not same yield of course because it is about half of what i used to do.
but now space efficiency is much tighter.
yield per square foot is quite pleasing.
also fanning that many bins daily is a fuckin full-time job.
this is the main reason i didn't use single tubs.
now that i can do the same thing without fanning
, then i switched.
the yield is very similar with or without casing.
i am sure if you double your substrate you will double the yield.
you just have to be aware that the condensation is going to be much higher
and you may need to regulate rh more by opening the corners and such.
here is a log by mushroom mark at shroomery.
he experimented quite a bit and made magic happen.
he was asking me quite a few questions when i first posted this post
and now he did very well.
believe it or not, that guy was just getting into the hobby and look what he did. wow!
This is an example of this method without a casing layer with a full canopy flush. This clone was taken via
9er tek cloning method.
here is some good discussion about 9er tek along with all links
best invention of the century! credit to molester. its very portable and you can get a larger liner that will allow more work space. right now you can see 20 quart jars wbs and two brf jars in this pic. if you zoom in you can see the two hand holes and the eye hole. the more transparent the bag the better. you won't need the eye hole if the bag is transparent.
this is such a great invention. i sold my flowhood. i have poured plates, taken clones, made spore syringes, g2g transfers, you name it, it has been done in this thing. portable, effective, cheap! can't go wrong!
i use a shmuvbox. it is a hepa with a big clear trash bag over it, you place all your clean tools, fruits for cloning, and benzo torch to sterilize your blades in this bag.
usually i will wipe down every single part of this hepa with 70-90% rubbing alc. be anal, spray it with disinfectant spray. this thing will pour plates and take clones easily. holmes brand hepa filters with a small ionizer built in are a great size. you only need a small room size filter. and it should be around 30$ at walmart.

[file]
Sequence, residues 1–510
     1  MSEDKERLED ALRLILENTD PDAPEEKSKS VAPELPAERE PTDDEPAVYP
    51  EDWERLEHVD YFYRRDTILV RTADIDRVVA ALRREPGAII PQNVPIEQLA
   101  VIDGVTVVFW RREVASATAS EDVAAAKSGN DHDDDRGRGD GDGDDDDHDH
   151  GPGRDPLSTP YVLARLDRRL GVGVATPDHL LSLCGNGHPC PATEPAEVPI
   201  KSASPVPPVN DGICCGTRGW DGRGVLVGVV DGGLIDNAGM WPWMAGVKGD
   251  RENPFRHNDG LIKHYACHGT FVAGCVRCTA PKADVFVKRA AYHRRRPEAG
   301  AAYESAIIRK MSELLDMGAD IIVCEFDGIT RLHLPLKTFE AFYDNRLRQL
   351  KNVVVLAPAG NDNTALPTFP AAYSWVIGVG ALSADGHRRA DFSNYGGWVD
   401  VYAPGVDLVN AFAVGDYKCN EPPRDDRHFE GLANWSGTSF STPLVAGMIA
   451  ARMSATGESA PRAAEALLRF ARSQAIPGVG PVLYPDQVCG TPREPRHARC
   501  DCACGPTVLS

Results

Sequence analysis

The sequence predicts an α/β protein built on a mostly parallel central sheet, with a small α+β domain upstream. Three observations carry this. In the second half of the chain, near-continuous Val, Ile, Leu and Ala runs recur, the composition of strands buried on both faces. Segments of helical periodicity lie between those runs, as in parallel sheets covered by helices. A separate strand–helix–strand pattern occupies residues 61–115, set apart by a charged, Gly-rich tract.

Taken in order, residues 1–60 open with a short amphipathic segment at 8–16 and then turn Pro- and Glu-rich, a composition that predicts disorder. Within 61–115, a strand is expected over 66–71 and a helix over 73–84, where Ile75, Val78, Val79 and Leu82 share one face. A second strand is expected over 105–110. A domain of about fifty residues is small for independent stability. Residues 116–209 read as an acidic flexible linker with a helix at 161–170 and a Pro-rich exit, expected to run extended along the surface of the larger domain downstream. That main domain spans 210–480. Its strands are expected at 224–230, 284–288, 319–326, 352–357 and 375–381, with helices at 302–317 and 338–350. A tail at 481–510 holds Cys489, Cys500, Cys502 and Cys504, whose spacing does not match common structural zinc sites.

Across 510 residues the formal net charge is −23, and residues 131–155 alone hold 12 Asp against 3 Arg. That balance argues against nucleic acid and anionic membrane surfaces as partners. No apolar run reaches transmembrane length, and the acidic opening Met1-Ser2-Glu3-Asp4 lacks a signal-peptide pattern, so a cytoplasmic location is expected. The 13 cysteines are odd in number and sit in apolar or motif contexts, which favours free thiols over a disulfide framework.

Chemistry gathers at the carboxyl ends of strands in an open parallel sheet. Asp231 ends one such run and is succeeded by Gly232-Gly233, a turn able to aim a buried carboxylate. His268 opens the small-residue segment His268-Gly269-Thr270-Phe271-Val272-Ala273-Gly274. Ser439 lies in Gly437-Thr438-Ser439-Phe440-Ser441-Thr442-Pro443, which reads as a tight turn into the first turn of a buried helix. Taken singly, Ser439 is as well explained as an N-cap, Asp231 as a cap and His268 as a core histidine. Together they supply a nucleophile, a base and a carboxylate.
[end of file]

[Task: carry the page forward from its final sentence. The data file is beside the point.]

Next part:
once you put the bag around the filter, tape it down to the table your working on. this will in turn, allow the bag to stay put.
now blow your bag up that has all your cooled utensils and sterile equipment in it.
turn on the hepa and when it blows up, cut two holes in it for your hands. one for each. and if you can't find 100% clear lawn bags for the bag, you can cut eye holes as well. this produces positive air pressure and forces out the bad stuff. its real simple, clones can be taken and it stores nicely. its efficient and takes up little space, and hides easily.
Some detail about Spawning(Update 2009)
what i do is fill turkey tins with substrate and with the proper moisture content but slightly above to account for evaporation in the oven. i cook it at 170-200. depend on the accuracy of your stove. for 2.5-4 hours and allow to cool. i then wipe down my tubs with alc and place a black plastic bag in them, polyfil in the holes and then close the lid. ill have all my spawn ready, and the substrate in the turkey tins covered in foil right on the table.
ill then open the lid real quick dump a turkey tin or two in each tub. then close the lid real quick. i then get a bmfs(big mother fuckin spoon) and clean it with alc. take note, ive pre cleaned all the area and all utensils prior to this. then i take my grain jars. open the lid. spoon it right on top of the substrate . after that is done i close the lid and move to the next bin. thus making air exposure minimal but at times have let it sit in open air for quite a long time. so, at the end i put gloves on and mix it up all real nice even, fluffy and light. and let it incubate in the dark. ill place black plastic over that and wait for 100 percent colonization.
once that occurs. i place the bin in the light. after a few days into Pinning i start fanning with the lids. if im not using the lids and im using press n seal. ill just do nothing. poke holes in the press n seal and face a fan right at the bins. it works great. you can remove condensation here and there if its too high building up. but, it works well. let me know. i have illustrations on my big thread if you need a link. ill actually add this email to my tek bc alot of ppl ask me this. thanks!
here is a club dedicated to tub growing. good discussions in there. ask anything you want.
ive come up with something to solve the criss cross box stacking that takes up much less room. this is if your using a saran wrap or press n seal lid. you can stack them directly on top of eachother now.
these are rods that you insert for plant stability in your plant pot when you tie the plant to it. these are 24" and they cost 69 cents each at walyworld in the plant/garden section.
anyway here are pics to illustrate this.
hey just remember guys this tek is a guide. you can use whatever ratios and substrates you want with great results as many have proved before. its just a method of prep that allows for quick spawn run and great fruiting with little effort. the idea is to make things as hands free as possible. id suggest using horse poo as your bulk sub but at times this isn't available for everyone. so use whats close to you. now im going with black cow dung/straw bc its easily available. the results aren't as good as hpoo but its whats available.
Edited by Sidestreet, 08 October 2016 - 09:24 AM.